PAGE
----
8

I am developing an application for Mac OS X. I want to change indication contents by the language locale (English, Spanish, etc.) of the application user, how do I get information of which language is used?

24
NSLog(@"localeIdentifier: %@", [[NSLocale currentLocale] localeIdentifier]);
  • [[NSLocale currentLocale] displayNameForKey:NSLocaleIdentifier value:[[NSLocale currentLocale] localeIdentifier]] can be used to get the plain-english version of the localeIdentifier – Alexander - Reinstate Monica Jun 8 '14 at 5:13
8

You can use the NSLocale API to get that information, but it isn't necessary to do what you want to do. OS X has support for localization built into the OS — all you need to do is supply the appropriate language files and the user can select which language he wants.

  • Thank you so much! I'm happy , If you give me some example codes – freddiefujiwara Jul 6 '09 at 5:19
  • 1
    It's not exactly the sort of thing where you can just give example code, since Mac user interfaces are usually stored in nibs and thus there isn't really any code responsible. Basically, there's a directory structure your app's resources need to follow and the OS will handle the rest for you. Read the localization docs in the link I gave you and you'll see how it works. For occasions where you are rendering text programmatically, you'll generally use the NSLocalizedString() function. – Chuck Jul 6 '09 at 6:15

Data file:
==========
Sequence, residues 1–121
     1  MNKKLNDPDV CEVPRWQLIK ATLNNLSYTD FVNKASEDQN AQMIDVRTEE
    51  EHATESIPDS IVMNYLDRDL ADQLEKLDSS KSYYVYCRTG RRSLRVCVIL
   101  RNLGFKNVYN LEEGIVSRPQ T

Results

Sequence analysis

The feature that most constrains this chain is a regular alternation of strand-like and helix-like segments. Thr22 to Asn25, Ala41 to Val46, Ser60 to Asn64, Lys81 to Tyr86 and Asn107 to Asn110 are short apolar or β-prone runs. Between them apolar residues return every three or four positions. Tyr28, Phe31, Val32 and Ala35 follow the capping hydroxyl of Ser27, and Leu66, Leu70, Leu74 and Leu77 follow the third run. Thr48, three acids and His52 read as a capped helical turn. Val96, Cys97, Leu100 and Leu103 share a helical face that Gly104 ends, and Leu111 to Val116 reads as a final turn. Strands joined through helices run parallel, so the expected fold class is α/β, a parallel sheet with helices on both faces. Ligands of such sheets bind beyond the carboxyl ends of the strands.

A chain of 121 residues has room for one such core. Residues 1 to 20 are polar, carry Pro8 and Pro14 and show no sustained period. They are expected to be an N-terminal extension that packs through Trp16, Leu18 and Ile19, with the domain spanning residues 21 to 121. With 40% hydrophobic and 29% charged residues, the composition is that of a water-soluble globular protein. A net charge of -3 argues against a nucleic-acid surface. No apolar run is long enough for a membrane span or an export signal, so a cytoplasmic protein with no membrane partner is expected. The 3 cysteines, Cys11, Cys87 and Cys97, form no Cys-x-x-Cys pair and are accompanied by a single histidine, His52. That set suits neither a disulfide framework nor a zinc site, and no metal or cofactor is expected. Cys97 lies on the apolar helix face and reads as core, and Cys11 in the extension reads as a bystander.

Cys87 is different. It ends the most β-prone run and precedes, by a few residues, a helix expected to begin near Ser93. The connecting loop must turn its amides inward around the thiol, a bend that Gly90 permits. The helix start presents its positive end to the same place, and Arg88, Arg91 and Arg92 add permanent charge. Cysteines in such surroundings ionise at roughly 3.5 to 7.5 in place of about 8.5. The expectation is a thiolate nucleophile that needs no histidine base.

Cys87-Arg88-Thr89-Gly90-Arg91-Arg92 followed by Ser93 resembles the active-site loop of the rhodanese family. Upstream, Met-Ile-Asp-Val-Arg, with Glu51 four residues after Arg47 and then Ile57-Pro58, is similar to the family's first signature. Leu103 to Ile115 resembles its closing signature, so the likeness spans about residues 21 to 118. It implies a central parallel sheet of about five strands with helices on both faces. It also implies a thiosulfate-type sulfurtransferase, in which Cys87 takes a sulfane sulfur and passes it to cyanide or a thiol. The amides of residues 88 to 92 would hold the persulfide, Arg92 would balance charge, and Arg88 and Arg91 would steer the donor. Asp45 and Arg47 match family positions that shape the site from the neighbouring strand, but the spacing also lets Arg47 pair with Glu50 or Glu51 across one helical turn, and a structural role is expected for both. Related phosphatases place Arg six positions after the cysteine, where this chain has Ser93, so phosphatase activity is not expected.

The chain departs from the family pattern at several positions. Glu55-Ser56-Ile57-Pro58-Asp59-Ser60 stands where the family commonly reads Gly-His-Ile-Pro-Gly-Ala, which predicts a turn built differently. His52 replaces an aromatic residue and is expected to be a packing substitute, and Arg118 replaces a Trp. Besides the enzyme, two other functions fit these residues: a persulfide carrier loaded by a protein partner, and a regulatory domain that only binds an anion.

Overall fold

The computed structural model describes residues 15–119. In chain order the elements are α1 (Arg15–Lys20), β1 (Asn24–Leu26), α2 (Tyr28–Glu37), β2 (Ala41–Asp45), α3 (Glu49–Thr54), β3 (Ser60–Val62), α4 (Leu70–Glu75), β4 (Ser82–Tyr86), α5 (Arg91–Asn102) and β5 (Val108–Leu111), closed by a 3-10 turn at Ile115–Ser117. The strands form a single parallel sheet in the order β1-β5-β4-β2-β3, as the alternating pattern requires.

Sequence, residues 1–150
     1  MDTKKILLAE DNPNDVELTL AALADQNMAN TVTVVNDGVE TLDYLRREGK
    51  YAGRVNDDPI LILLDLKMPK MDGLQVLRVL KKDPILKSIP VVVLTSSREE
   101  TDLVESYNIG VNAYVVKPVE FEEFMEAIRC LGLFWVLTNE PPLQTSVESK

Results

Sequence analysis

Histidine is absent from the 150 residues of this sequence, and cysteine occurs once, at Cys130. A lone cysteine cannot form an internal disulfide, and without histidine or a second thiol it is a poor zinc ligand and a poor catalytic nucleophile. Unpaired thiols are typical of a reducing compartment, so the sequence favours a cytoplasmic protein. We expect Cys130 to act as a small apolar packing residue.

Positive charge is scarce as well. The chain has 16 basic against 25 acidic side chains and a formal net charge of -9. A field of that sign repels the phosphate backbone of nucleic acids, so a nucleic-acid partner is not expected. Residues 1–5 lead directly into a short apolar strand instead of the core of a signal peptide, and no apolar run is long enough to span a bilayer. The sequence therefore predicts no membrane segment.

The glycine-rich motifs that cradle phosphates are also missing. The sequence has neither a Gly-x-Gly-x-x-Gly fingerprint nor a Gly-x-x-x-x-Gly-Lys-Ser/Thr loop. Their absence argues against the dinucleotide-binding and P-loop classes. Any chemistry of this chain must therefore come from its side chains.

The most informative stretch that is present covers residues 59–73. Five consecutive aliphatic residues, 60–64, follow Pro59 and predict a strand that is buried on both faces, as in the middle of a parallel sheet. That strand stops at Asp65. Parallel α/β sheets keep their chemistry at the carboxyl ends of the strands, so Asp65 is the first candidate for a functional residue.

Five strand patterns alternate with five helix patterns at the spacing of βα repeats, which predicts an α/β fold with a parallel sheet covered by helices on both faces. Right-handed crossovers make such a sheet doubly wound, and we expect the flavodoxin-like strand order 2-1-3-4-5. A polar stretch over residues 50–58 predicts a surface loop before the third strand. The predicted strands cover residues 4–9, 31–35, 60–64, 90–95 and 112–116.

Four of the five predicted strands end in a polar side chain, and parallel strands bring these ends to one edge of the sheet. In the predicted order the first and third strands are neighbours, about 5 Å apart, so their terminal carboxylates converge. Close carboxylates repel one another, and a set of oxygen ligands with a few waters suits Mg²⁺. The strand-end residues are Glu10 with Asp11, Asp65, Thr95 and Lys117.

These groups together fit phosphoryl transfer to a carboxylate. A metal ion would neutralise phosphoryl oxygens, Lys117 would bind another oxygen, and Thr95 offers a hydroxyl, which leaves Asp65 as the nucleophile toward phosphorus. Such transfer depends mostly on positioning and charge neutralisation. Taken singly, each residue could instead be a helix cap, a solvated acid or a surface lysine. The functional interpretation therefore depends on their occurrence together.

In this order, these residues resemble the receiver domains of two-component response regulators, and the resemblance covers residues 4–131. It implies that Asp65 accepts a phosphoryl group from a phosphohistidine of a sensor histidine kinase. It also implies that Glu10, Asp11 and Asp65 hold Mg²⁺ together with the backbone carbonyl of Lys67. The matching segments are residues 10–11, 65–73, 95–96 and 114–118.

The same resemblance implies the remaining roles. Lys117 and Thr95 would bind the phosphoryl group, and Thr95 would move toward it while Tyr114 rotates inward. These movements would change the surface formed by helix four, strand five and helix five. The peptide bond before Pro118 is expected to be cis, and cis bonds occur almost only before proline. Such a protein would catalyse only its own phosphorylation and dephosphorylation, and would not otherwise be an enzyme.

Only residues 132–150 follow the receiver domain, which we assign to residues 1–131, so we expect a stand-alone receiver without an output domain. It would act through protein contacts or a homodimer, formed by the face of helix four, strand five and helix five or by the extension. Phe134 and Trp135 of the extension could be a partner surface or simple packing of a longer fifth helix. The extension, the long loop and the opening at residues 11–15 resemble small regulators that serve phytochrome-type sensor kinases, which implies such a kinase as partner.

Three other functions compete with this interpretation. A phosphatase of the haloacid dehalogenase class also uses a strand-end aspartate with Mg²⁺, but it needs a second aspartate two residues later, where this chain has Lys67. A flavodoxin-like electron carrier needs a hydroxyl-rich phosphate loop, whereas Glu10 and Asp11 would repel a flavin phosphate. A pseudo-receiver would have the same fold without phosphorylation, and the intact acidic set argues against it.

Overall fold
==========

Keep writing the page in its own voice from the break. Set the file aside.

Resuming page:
6

code snippet

 NSLocale *locale = [NSLocale currentLocale]; 
 [locale objectForKey:NSLocaleLanguageCode]
3

You're looking to "localize" your application. To get started, check out the Apple docs here: Internationalization - Apple Developer Docs. Without knowing more about your specific application, it'd be hard to suggest anything more here!

2

you can use any way of both ways below:

NSString *language = [[NSLocale currentLocale] localeIdentifier];
NSLog(@"Language: %@", language);

output: Language: en_US

or this:

NSString *language = [[NSLocale preferredLanguages] objectAtIndex:0];
NSLog(@"Language: %@", language);

output: Language: en

0

To be exact there is a change with iOS 9 and greater where [NSLocale preferredLanguages] now return - instead of only . So it's better to do:

NSString *languageOS = [[NSLocale preferredLanguages] objectAtIndex:0];

if([[[UIDevice currentDevice] systemVersion] floatValue] >= 9.0) {
    languageOS = [[languageOS componentsSeparatedByString:@"-"] objectAtIndex:0];
}

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